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For their own good
Fifty years ago, they were screwed-up kids sent to the Florida School for Boys to be straightened out. But now they are screwed-up men, scarred by the whippings they endured. Read the story and see a video and portrait gallery.
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FSU's Sexton held under Baker Act
According to police the quarterback did push-ups in the street wearing just shorts and said he was God.
By BRIAN LANDMAN
Published June 15, 2005
FSU quarterback Wyatt Sexton was taken to a hospital after erratic behavior; police did not charge him with a crime.
Florida State quarterback Wyatt Sexton was taken to a hospital by police Monday evening after behaving erratically - laying half-naked in the road and proclaiming he was "God" - and is being held at an undisclosed location as his family desperately seeks answers and help.
The state's Baker Act allows for involuntary confinement of a person considered to be a danger to himself or others for 72 hours. According to the Tallahassee Police Department incident report, he's also being held under the state's Marchman Act, which allows for drug assessment or treatment.
Neither coach Bobby Bowden nor longtime running backs coach Billy Sexton, Wyatt's father, were available for comment, but the news has rocked the staff and team.
"Everybody is kind of the same thing: They're concerned," senior center David Castillo said. "It would be selfish to just be concerned with this football team."
Sexton, who will be a fourth-year junior, started seven games last season and his experience was expected to keep him ahead of heralded redshirt freshman Xavier Lee and former Land O'Lakes star Drew Weatherford, at least for the opener against archrival Miami.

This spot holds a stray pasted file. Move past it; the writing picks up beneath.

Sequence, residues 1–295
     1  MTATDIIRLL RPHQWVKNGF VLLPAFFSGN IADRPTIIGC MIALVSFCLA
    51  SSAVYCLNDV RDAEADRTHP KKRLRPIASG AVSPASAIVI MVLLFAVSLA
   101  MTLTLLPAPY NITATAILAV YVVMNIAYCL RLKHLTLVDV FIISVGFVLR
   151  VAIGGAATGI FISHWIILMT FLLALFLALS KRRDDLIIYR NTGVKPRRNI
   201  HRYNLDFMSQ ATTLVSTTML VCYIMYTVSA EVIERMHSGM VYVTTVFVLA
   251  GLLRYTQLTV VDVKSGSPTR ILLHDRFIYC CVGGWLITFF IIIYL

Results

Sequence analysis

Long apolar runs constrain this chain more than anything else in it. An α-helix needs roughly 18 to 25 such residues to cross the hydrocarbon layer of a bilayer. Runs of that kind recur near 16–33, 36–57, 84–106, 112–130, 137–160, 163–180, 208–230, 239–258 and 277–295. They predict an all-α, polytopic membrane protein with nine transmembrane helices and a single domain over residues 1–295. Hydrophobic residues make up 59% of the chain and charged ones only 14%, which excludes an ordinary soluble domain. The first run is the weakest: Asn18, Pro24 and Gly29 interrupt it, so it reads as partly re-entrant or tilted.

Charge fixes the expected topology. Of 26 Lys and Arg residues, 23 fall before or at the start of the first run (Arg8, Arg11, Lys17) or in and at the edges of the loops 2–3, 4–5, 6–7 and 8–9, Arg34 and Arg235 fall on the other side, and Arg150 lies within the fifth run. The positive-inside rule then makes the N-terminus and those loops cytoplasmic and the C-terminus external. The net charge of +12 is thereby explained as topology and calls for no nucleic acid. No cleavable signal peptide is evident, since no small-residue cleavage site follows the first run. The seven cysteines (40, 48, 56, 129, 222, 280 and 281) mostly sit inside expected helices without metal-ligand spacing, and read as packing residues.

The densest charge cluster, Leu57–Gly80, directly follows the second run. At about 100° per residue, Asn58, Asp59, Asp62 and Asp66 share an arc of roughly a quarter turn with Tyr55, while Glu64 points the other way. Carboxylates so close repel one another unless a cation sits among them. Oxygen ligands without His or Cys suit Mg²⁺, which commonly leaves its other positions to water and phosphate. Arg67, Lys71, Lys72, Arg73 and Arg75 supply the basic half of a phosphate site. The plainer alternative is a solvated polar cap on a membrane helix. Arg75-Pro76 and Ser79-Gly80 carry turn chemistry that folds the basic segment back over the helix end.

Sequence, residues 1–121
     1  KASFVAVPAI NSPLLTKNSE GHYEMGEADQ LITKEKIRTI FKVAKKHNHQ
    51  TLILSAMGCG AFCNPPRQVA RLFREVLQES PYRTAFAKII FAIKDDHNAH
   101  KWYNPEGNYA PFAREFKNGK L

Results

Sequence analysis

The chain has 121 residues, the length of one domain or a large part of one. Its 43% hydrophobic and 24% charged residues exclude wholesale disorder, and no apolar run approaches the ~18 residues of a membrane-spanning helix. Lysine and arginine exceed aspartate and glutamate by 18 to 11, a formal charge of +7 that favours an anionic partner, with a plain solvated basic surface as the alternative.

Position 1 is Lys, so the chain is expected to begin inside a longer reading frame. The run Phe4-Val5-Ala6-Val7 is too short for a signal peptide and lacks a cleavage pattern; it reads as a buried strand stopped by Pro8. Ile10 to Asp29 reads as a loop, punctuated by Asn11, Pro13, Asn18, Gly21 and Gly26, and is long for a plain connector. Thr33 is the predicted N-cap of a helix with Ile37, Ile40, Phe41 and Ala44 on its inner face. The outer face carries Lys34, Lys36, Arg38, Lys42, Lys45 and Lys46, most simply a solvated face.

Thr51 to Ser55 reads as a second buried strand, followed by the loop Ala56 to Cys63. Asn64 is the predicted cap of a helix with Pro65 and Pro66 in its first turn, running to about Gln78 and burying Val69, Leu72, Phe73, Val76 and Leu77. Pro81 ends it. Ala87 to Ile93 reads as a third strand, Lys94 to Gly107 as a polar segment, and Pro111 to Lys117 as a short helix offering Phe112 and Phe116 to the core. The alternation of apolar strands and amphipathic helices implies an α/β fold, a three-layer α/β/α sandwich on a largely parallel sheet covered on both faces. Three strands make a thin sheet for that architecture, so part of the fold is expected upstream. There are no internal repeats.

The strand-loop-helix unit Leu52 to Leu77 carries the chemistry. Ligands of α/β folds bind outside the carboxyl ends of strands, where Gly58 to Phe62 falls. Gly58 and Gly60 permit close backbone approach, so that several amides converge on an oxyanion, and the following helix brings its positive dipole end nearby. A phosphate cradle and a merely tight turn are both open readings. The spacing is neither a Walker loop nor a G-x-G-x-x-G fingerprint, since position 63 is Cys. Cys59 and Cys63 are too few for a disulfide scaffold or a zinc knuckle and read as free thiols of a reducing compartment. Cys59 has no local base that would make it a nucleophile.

"His health is more important," Castillo continued. "He's part of our family. He's a brother to us. With Coach Sexton being one of our coaches, we're very concerned for their family. Our thoughts and prayers are out to them. ... We just hope all the issues get worked out."
Castillo said he didn't suspect there were issues.
Not with Sexton, 20, an honor student with boyish, bookish looks who's known for an unassuming demeanor, a dry sense of humor and eclectic tastes such as playing the guitar.
But Sexton wasn't participating in voluntary workouts, despite his teammates' urgings. The school did announce Sexton had been suspended two weeks ago for a violation of team rules, something Castillo said the team didn't know anything about.
One of Sexton's roommates, Eric Reid, shed some light on Sexton's frame of mind when he told police that "Sexton has been very stressed out the past week over being the starting quarterback. . . ," according to an incident report that detailed Sexton's behavior.
After returning Monday from Tennessee, where he and his three roommates attended a Dave Matthews Band concert, Sexton, dressed only in wet shorts, was seen by numerous passersby about 5:30 p.m. laying in the middle of the road near his off campus apartment doing push ups, then jumping onto a parked car and yelled at a woman.
Zachary Lyne, the first police officer to respond to calls, repeatedly asked Sexton his name and he finally yelled that he was "God."
Sexton then took a step toward Lyne, quickly backed away and then dropped to his hands and knees, shouting for the officer to "quit f------ with me," according to the incident report.
"Fearing that the male might charge at me, I sprayed him with O.C. (pepper) spray," wrote Lyne, who called for backup and pulled out his baton as a precaution.
Sexton then cooperated, was handcuffed and had restraints placed around his feet. Though he continued to say he was "God" and "the son of God," he eventually told the officers his real name.
"Based upon my training and experience Sexton appeared to be under the influence of some unknown narcotic and alcohol," officer Robert Todd wrote. "He was hot and sweaty and was talking very irrationally."
His roommates told police that they didn't believe Sexton had been drinking or taking drugs. Calls to all three roommates from the Times were not returned. Police confirmed Sexton had no alcohol in his system.
"He didn't commit a crime," Tallahassee Police Department spokesman John Newland told the Times. (Sexton has no criminal history, according to Florida Department of Law Enforcement records.) "We took him into custody to prevent him from hurting himself. Or hurting others."
Police took Sexton to Tallahassee Memorial Hospital and while there, he kept trying to leave the examination room saying he didn't know why he was there.
Newland said he talked to the elder Sexton on Monday and his reaction was predictable.
"He's a parent first and a coach second," he said. "He's more concerned that his son is okay."
Times correspondent Zachary Spain and Times researchers John Martin and Cathy Wos contributed to this report.